Comment by BarbaraC — July 12, 2008 @ 8:50 am | Reply

  11. The only fair comparison is to measure charter against the communities they serve. A charter school in Central Falls shouldn’t be compared to Chariho or Westerly. Also, is someone considered a “drop out” if they leave the charter school and go back to the mainstream school?

    From what I’ve read about the charters in Rhode Island they seem to be dominated by the teacher’s unions. I’ll be curious to see how the Mayoral Academy does with test scores and such since this will be the first charter I’ve heard of that doesn’t bow before the unions.

    Comment by Curious Resident — July 12, 2008 @ 12:07 pm | Reply

  12. Hi CR,
    Charter schools are by lottery – so any one anywhere in Rhode Island can attend. And they have huge waiting lists as well. Public school monies pay for the student to attend.

    The ‘cohorts’ (the cohort rate is based on individual student data that is tracked over time) are measured in 9-12 grades. Starting in 9th and then transferring to another school does not create a drop-out. The cohort is chosen on the second school attended (9-12). I suppose if a student changes school more than three times in four years they may become an aberration, but one at a time it is relatively rare. They are not drop-outs by changing schools.

    The teachers union did not do very well this legislative time around – Mayoral academies were opposed and they lost, specific health care providers cannot be specified in all municipal contracts any longer, the charter school moratorium is over – also opposed by the NEA and they lost again.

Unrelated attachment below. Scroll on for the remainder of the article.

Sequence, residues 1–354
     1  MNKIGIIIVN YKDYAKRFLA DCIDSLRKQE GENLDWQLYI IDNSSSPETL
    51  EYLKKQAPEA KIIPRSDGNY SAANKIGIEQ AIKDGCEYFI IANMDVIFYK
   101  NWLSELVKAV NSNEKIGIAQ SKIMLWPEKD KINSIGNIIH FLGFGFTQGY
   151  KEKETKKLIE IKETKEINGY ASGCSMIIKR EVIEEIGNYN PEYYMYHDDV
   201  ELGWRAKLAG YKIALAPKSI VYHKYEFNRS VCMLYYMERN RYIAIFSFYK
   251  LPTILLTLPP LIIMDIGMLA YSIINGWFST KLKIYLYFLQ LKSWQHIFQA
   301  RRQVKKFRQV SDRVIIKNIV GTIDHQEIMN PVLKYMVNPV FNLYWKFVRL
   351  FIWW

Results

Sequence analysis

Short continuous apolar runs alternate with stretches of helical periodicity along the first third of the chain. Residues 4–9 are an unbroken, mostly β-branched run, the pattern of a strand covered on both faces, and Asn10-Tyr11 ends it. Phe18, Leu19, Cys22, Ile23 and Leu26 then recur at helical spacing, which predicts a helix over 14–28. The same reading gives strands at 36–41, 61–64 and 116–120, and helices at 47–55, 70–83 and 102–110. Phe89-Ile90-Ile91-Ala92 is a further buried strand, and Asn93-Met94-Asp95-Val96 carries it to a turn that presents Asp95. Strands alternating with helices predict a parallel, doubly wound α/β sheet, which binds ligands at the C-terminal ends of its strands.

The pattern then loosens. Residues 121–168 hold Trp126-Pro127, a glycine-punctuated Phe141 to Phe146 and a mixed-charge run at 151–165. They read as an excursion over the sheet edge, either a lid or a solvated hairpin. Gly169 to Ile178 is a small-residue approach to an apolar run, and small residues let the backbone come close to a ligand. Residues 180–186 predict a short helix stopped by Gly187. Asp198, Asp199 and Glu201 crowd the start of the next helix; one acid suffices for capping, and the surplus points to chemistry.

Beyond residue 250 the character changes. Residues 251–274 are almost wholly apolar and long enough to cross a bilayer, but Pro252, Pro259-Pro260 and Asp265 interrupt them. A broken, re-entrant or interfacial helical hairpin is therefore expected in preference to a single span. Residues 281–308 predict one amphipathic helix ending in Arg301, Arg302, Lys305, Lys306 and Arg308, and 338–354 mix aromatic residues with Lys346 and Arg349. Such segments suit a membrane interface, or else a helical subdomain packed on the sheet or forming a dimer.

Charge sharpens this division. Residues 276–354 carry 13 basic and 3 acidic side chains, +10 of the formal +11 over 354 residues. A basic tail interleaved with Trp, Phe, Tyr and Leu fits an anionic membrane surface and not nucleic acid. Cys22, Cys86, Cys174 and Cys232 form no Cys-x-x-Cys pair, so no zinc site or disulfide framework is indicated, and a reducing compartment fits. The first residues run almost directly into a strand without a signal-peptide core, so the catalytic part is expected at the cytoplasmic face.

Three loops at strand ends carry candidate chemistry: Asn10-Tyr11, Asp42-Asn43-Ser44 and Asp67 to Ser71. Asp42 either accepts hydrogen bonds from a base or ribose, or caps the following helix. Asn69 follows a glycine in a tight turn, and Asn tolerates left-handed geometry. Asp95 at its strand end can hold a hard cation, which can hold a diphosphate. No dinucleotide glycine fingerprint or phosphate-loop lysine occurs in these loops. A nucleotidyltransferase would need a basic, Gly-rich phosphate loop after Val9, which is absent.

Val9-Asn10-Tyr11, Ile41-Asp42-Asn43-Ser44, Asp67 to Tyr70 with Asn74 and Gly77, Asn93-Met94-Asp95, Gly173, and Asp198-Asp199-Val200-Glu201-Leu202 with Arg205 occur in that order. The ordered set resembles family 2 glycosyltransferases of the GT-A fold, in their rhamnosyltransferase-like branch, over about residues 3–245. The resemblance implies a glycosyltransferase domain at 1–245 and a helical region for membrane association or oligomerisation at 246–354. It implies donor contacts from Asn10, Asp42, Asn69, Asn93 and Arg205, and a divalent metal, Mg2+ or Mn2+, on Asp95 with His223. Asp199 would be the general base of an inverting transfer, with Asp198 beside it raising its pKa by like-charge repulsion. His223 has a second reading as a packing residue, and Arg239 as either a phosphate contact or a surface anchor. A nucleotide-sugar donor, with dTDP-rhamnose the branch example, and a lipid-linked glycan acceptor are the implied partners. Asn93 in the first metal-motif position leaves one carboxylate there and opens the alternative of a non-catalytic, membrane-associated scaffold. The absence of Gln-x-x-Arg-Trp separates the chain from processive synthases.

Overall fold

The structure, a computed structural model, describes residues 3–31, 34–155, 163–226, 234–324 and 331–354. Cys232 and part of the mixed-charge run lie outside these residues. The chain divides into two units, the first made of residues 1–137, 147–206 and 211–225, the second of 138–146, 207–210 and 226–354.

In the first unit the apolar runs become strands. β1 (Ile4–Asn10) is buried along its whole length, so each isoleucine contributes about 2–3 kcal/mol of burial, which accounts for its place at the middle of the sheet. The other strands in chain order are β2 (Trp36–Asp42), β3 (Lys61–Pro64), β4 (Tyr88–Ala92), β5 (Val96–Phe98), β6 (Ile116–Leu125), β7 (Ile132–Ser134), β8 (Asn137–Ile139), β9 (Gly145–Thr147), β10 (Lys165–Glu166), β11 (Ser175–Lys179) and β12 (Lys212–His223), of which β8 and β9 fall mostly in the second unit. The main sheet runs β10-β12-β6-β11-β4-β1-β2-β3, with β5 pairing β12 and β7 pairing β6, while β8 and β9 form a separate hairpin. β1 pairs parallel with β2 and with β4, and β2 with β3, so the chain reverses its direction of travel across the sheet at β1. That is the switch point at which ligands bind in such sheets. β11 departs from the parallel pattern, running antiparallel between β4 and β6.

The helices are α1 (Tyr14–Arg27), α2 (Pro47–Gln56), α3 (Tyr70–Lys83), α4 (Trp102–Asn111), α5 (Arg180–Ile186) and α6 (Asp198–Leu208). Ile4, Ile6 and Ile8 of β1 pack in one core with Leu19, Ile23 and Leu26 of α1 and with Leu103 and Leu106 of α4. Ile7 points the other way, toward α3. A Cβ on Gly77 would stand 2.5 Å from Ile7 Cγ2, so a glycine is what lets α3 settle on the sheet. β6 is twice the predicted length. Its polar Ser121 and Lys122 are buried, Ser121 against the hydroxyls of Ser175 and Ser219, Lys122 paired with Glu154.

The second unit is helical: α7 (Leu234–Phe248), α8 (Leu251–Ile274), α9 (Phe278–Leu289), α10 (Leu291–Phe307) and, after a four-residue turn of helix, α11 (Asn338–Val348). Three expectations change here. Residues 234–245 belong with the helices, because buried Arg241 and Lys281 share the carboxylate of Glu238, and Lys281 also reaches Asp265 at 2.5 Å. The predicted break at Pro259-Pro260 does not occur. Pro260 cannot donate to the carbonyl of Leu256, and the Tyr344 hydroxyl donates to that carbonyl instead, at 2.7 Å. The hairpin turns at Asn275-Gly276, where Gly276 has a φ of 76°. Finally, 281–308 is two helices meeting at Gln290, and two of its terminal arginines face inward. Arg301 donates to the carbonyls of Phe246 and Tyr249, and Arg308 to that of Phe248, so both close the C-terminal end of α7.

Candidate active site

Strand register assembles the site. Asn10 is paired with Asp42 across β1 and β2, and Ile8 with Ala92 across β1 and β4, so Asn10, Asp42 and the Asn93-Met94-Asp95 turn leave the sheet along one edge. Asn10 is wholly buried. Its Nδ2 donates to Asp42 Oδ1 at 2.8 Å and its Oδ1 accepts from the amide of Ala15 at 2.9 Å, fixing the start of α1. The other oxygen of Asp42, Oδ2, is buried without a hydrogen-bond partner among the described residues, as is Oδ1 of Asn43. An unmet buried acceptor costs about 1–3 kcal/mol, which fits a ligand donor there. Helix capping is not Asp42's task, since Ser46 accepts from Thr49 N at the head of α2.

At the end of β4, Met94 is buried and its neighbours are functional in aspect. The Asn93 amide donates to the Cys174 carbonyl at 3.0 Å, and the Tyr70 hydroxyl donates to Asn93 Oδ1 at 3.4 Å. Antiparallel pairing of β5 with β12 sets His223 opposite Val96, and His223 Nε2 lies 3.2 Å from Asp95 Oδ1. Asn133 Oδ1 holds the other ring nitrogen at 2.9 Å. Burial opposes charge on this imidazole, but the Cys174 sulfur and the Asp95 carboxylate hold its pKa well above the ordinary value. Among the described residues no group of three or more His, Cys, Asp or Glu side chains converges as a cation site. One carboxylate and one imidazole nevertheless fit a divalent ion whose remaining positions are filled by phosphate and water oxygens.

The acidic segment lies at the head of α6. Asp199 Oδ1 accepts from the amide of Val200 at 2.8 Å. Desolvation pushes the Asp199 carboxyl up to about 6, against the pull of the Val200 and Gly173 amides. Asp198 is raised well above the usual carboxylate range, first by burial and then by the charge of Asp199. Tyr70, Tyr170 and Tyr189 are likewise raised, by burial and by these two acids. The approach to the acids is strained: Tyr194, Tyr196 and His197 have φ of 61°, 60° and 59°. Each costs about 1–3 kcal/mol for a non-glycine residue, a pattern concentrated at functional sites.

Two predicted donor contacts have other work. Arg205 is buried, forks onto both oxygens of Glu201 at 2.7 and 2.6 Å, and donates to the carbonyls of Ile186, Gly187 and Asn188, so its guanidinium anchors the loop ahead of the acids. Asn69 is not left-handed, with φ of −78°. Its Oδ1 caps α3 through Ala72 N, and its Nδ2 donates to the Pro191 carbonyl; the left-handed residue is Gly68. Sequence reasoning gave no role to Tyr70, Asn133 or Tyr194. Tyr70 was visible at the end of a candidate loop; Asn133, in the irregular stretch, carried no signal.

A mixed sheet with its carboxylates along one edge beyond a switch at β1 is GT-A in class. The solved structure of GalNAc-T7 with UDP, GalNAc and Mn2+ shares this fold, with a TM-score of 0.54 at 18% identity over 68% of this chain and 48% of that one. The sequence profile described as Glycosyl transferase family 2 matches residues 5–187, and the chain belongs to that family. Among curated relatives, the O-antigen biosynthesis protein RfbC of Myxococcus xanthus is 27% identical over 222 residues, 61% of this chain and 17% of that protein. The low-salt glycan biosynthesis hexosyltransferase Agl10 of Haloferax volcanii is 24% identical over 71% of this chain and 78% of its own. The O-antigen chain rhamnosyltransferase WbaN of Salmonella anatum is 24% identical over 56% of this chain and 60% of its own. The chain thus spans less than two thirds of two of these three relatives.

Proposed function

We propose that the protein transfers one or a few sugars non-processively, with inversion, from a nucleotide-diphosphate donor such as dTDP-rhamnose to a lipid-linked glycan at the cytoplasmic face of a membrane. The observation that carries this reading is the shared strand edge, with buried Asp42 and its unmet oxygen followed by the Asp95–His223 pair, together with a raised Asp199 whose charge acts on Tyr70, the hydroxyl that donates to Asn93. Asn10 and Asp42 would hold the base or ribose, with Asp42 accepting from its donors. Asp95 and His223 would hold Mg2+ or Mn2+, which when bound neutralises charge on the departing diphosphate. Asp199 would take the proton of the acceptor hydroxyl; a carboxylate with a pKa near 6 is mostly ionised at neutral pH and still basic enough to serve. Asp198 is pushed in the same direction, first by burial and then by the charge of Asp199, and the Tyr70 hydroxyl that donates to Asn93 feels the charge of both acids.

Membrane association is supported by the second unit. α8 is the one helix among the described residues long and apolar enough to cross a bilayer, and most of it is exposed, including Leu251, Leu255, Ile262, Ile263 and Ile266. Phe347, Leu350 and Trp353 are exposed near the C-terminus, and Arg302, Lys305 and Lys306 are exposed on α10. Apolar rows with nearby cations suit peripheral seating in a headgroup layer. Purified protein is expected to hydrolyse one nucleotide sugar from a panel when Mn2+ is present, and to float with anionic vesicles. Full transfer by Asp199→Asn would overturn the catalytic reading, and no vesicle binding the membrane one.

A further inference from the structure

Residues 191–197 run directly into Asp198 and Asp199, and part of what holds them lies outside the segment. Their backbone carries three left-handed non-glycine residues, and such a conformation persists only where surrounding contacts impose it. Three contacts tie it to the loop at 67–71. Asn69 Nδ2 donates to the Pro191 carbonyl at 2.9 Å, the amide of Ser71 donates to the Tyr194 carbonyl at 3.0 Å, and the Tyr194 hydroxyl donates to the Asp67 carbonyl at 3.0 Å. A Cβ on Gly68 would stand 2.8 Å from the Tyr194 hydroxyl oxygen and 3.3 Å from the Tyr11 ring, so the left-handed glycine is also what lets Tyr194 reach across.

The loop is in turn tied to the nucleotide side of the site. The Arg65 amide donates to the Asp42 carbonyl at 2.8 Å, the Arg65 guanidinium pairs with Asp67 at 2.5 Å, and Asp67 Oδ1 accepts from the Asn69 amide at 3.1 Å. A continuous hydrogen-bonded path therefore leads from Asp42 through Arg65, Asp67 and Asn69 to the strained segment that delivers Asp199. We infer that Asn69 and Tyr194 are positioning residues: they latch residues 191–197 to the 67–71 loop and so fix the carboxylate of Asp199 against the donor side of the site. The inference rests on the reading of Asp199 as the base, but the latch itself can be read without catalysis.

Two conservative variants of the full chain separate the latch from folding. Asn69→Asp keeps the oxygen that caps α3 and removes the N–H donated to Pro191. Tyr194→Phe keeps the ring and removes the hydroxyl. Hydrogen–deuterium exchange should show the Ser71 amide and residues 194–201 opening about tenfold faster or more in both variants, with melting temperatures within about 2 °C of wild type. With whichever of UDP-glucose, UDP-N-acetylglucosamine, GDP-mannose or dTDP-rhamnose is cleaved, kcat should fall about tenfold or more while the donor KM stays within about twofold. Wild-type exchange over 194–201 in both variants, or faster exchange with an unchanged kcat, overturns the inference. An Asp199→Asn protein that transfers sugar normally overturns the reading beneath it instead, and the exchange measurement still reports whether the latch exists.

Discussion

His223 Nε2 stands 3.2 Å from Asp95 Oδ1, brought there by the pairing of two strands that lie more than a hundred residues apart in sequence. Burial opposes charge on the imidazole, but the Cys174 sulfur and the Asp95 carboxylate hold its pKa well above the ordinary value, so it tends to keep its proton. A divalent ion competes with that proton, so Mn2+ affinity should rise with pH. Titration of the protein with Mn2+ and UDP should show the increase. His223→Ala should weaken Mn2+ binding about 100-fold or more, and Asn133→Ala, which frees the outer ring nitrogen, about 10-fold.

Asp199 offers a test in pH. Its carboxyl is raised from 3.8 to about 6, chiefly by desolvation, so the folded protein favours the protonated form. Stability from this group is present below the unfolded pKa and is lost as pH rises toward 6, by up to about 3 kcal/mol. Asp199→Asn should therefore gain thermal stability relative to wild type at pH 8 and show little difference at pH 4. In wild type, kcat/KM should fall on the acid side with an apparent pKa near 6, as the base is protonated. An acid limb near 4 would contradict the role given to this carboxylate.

Quoting the Prov Journal “But most Rhode Island taxpayers realize that the state has been very generous, paying some of the highest per-pupil costs in the country while getting generaly mediocre results in its public schools. the state’s students deserve better.”

    I hope all citizens keep paying attention, keep the pressure on until RI is in the top 20% (I would prefer 10%) across the nation using national data.

    Comment by BarbaraC — July 12, 2008 @ 10:08 pm | Reply

  13. Thanks for the explanation. Realistically, a charter school in an urban district is most likely to be attended by students transferring from urban public schools. Theoretically they may be open to anyone, but I doubt there are many children from our end of the state trekking to charters in the cities. I still would argue that comparing our graduations rates with urban charter schools is not a fair comparison nor a fair way to grade charter schools.

    I’m no fan of the union dominated charter schools and I wish there were more (any?) with an emphasis on traditional learning, but using raw graduation rate data is not an accurate test of their performance unless you measure by student demographics.

    Comment by Curious Resident — July 13, 2008 @ 2:02 am | Reply

  14. Also correct CR most would attend from the city near by.